I've really wanted to see a rare butterfly this year, but knew that I would have to go and hunt for one because there wouldn't be any chance of finding one here on the smallholding. So - on a warm, sunny afternoon last week - I visited Hockley Woods where I knew the Heath Fritillary could be found. This lovely butterfly was on the brink of extinction when it was re-introduced into habitats that have been carefully managed for it (although - even now - it only exists in a few locations, which are a couple of woods and immediate areas in the south east and a few areas in Devon and Cornwall). Hockley Woods, near Southend, is my nearest area to discover this little butterfly.
I'd read that the Heath Fritillary loves Common Cow Wheat and Foxgloves and flies from mid-June into July. I also know it's a sun-loving butterfly and it can only be seen in the woodland glades on warm, sunny days. Hockley Woods is a bit of drive from where I am and when I first arrived I had this feeling I'd be looking for a needle in a haystack. But, surprisingly, I saw one - and then another - fairly quickly. They really are beautiful butterflies - and I was lucky enough to take a few pics before they flew off.
I love the way this butterfly is settled right in the middle of this buttercup...
I'm not sure I'll get to see another butterfly as rare as the Heath Fritillary this summer, but I'm certainly hoping to see some more of the less common ones over the coming weeks.
Foraging: Beech Leaf Noyau...
When I went on the foraging course in May, I tried some Beech Leaf Noyau and loved it - so I decided to make my own to be ready to drink at midsummer. I made two bottles - and I have to report back that they're definitely going down well here.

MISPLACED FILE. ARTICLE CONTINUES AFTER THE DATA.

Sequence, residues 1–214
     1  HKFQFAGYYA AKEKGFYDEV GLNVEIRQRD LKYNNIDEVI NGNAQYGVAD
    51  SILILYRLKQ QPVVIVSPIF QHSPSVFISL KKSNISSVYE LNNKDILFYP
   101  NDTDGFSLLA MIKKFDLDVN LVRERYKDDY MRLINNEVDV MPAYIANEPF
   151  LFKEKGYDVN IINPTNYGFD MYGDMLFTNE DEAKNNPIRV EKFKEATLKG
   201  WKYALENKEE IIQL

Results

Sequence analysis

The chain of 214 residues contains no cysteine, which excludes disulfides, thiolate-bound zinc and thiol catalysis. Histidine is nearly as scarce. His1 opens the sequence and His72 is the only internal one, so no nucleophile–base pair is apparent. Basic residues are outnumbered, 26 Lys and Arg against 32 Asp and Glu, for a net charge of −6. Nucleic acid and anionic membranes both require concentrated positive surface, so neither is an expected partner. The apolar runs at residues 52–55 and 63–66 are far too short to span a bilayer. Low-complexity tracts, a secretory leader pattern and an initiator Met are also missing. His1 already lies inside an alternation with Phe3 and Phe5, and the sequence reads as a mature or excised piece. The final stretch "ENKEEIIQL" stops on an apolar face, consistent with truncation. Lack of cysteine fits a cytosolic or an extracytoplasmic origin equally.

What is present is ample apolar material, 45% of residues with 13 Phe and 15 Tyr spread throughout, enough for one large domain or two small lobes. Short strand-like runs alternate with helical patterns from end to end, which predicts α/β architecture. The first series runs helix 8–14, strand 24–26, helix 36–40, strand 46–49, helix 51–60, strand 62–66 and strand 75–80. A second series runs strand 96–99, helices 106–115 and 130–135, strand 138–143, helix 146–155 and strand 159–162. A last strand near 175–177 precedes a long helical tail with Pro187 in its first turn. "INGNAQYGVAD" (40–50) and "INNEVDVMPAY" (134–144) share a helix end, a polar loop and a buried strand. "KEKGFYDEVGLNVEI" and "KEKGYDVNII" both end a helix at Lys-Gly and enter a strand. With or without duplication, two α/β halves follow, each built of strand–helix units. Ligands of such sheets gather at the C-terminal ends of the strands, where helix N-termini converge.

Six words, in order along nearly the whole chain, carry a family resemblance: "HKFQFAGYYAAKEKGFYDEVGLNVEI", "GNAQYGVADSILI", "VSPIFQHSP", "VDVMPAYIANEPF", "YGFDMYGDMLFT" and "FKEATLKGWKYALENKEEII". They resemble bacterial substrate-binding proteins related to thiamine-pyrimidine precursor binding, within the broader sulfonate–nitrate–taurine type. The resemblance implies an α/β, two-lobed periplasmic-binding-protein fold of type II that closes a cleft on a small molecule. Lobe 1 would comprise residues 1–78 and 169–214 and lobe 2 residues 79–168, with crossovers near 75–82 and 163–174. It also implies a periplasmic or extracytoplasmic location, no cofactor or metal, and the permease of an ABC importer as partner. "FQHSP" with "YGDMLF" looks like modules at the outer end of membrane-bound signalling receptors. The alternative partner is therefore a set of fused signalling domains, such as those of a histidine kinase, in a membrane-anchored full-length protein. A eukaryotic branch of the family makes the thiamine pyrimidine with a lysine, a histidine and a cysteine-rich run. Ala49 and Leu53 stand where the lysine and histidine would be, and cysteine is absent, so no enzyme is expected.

Beech Leaf Noyau is a liqueur made from fresh, young beech leaves soaked in gin with sugar and brandy added. The recipe I used is as follows:
Fill a large jar almost to the top with young beech leaves. Pour some gin to just cover the leaves (I used a bottle of gin) and rest for 2-3 weeks. Then strain off the gin, and for every pint add 14oz of sugar dissolved in half a pint of boiling water. Then add a dash of brandy (I used a large glass and a bit of brandy, so I'm guessing this has given the drink its final, golden colour). Mix and then pour into bottles when cold.
...and Blackberry Vinegar
I'd been going through the freezer (clearing out the remainder of last year's fruit and veg to make space for this year's) when I came across a tub of blackberries. I'm not keen on eating them for dessert at the moment (we've just started on the strawberries), so I've made some Blackberry Vinegar as a salad dressing (ideal - as we've just begun the lettuces).
I've used this recipe:
Soak 1lb blackberries in a pint of white wine vinegar in a covered bowl for 4 days. Stir occasionally during that time. After 4 days, strain and measure the juice. Add 1lb sugar for every pint of juice. Heat the sugary juice gently in a pan until all the sugar dissolves and then bring to the boil. Let it cool and pour into bottles.
I prefer to make my own salad dressings and this summer I'm keen to try out several new and different ideas (hopefully some of these will be through more foraging).
Finally, I thought I'd just add a couple of pics of some of my roses, because they're looking so gorgeous at the moment;
A lovely standard rose...
This pink rose was already climbing over the front of the cottage when we moved in. I still don't know what variety it is, but it has a beautiful scent. We've since built a pergola before the cottage and it's one of the flowers that now romps all over this (so we walk under it to the front door).
I really must find out what it is!